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Historic National Road Scenic Byway
The National Road is called the "road that built the nation" because it was the first highway in American history. Today the National Road in Illinois covers 164 miles, from Marshall and the Wabash Valley to East St. Louis and the Mississippi River.
National Road Interpretive Center
The National Road Interpretive Center in Vandalia, Illinois tells the story of the surveyors, laborers and travelers of the National Road, sometimes called the Cumberland Road or National Pike. The Interpretive Center is a museum with hands-on activities for children including a Conestoga wagon that the youngsters can load for its journey. Abraham Lincoln’s connection to Illinois National Road towns is also spotlighted. One of the largest artifacts is an original National Road timber dating to the 1830s. Visitors will develop a better understanding of the importance of this road to Illinois and American history as well as an appreciation for the people that were involved in its construction.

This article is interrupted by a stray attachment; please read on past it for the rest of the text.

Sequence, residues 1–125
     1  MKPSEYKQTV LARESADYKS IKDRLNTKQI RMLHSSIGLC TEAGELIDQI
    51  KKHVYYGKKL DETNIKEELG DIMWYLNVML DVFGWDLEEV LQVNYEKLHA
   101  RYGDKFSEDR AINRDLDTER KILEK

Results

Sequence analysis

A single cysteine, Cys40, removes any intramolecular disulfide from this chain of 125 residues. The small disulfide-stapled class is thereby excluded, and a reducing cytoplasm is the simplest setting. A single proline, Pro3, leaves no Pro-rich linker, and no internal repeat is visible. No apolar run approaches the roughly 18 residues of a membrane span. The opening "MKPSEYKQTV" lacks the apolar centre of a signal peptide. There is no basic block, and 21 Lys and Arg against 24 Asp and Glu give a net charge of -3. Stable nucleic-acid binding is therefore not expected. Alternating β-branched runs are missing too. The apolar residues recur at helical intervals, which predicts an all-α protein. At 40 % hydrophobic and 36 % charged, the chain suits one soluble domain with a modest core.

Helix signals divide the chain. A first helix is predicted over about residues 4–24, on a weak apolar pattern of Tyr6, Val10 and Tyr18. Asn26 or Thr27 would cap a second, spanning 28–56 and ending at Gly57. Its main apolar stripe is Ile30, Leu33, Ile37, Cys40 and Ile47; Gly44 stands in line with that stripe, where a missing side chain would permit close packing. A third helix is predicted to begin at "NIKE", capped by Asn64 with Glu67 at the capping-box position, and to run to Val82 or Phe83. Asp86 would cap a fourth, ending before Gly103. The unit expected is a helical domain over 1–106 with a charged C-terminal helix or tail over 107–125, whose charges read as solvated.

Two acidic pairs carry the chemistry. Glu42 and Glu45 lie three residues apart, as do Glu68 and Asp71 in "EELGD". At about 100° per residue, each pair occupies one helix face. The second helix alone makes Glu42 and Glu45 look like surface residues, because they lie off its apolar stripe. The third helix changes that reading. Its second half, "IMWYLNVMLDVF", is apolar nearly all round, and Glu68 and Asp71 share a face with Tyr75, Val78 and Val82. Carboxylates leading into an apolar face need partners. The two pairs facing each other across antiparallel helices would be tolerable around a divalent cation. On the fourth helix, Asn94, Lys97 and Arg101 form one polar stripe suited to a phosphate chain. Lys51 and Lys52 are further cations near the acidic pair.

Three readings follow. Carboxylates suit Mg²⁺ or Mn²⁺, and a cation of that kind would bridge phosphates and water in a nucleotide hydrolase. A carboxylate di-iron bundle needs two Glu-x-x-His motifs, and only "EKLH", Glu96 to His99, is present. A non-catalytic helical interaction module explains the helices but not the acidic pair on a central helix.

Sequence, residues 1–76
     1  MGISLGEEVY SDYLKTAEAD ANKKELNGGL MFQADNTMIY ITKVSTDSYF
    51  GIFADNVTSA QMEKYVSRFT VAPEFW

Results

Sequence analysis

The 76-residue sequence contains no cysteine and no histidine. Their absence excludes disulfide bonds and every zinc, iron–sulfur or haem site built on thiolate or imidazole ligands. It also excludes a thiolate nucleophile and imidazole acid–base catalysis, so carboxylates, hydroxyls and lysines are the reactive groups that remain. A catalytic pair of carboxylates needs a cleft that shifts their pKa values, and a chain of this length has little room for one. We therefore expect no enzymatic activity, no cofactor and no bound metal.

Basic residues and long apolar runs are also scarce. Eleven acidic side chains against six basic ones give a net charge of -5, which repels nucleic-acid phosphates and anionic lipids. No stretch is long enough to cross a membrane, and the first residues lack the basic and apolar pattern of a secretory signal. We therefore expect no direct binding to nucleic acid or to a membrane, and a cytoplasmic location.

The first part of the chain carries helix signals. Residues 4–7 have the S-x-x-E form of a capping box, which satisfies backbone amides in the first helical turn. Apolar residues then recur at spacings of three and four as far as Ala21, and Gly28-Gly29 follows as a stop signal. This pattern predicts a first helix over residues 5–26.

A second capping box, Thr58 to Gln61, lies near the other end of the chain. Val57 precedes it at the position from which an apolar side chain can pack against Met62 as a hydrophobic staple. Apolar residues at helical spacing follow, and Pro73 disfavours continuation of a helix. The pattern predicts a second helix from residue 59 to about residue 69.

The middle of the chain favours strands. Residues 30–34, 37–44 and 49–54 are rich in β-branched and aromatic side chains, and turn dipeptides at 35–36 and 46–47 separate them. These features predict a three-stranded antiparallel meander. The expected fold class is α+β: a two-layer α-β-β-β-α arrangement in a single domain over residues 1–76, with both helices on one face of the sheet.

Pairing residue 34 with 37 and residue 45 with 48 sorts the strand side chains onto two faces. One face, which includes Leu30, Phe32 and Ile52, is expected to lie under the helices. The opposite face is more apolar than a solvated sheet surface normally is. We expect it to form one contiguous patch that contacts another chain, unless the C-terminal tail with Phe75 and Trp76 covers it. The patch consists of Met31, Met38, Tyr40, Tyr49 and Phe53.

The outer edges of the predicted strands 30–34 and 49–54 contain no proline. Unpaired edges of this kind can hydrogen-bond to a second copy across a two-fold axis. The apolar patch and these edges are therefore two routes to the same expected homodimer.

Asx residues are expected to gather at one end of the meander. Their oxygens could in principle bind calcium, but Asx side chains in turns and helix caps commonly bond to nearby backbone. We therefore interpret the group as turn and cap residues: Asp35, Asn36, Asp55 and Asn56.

Grand Levee and Harvest Festival
The Grande Levee is a celebration of the grand receptions held during the 1800s to honor government dignitaries and important visitors. Friday evening the event kicks-off with a ham and bean dinner on the Vandalia Statehouse grounds along with musical entertainment. Saturday brings a day full of events at the Statehouse grounds for the Ground Levee. The Harvest Festival, which is held on Gallatin Street, will have vendors, sidewalk sales, bingo, kids' activities, inflatables, RC race car exhibition and more!